Breathing-driven prefrontal oscillations regulate maintenance of conditioned-fear evoked freezing independently of initiation

Nature Communications 2021 volume 12-2605

Sophie Bagur, Julie M. Lefort, Marie M. Lacroix, Gaëtan de Lavilléon, Cyril Herry, Mathilde Chouvaeff, Clara Billand, Hélène Geoffroy & Karim Benchenane

Abstract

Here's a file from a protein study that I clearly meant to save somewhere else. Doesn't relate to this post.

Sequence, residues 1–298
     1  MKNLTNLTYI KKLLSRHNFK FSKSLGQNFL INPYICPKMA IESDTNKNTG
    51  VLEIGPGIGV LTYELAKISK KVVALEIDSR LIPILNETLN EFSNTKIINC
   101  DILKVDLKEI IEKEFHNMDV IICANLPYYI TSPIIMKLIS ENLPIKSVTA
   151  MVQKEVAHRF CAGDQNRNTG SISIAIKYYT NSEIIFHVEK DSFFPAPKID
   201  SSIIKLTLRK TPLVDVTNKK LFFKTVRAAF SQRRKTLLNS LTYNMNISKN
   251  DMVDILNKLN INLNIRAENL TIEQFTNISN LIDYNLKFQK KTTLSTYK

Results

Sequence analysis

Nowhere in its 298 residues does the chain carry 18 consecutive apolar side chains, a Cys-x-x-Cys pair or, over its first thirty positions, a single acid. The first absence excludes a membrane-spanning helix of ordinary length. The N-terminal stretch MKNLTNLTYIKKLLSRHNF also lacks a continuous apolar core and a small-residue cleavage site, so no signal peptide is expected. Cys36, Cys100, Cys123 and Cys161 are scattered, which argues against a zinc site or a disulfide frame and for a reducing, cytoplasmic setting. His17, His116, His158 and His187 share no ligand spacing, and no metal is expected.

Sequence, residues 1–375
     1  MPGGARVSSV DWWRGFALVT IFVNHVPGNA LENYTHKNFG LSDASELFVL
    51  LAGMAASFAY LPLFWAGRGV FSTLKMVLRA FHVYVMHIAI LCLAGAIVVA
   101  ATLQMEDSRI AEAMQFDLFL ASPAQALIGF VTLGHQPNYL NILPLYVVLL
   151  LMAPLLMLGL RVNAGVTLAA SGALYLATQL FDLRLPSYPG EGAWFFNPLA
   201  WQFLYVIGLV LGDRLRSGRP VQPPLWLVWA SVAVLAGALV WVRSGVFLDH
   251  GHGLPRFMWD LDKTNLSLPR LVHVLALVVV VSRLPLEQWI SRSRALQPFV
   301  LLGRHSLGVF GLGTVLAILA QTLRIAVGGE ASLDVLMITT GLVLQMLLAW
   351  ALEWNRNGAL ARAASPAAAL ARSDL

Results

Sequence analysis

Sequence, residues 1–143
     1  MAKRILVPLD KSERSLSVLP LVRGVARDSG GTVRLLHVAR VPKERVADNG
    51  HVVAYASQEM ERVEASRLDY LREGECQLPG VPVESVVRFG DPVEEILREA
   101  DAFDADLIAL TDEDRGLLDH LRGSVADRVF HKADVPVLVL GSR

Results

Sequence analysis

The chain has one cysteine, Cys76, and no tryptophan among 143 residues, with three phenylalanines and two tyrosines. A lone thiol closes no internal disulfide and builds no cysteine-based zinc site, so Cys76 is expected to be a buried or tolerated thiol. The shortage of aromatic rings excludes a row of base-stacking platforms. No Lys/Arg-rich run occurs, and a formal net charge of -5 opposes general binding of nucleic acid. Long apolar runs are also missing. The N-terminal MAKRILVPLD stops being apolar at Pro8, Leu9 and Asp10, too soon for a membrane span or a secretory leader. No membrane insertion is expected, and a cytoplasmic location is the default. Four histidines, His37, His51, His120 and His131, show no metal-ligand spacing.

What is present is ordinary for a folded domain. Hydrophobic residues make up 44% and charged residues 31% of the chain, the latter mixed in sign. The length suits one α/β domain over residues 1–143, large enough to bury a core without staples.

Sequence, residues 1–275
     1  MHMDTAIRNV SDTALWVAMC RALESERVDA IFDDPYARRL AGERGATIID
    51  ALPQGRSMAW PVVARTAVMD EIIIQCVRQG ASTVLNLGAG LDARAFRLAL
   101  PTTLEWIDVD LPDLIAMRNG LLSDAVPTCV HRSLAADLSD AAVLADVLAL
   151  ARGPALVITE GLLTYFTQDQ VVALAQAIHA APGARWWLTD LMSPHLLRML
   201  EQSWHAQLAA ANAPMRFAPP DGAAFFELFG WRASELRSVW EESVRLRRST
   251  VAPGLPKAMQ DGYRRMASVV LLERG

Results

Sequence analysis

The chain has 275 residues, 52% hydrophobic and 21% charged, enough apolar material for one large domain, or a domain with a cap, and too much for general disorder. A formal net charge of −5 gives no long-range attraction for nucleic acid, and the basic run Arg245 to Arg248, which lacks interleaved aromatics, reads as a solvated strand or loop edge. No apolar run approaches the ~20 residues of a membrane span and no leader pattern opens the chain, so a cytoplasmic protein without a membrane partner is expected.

Brain–body interactions are thought to be essential in emotions but their physiological basis remains poorly understood. In mice, regular 4 Hz breathing appears during freezing after cue-fear conditioning. Here we show that the olfactory bulb (OB) transmits this rhythm to the dorsomedial prefrontal cortex (dmPFC) where it organizes neural activity. Reduction of the respiratory-related 4 Hz oscillation, via bulbectomy or optogenetic perturbation of the OB, reduces freezing. Behavioural modelling shows that this is due to a specific reduction in freezing maintenance without impacting its initiation, thus dissociating these two phenomena. dmPFC LFP and firing patterns support the region’s specific function in freezing maintenance. In particular, population analysis reveals that network activity tracks 4 Hz power dynamics during freezing and reaches a stable state at 4 Hz peak that lasts until freezing termination. These results provide a potential mechanism and a functional role for bodily feedback in emotions and therefore shed light on the historical James–Cannon debate.


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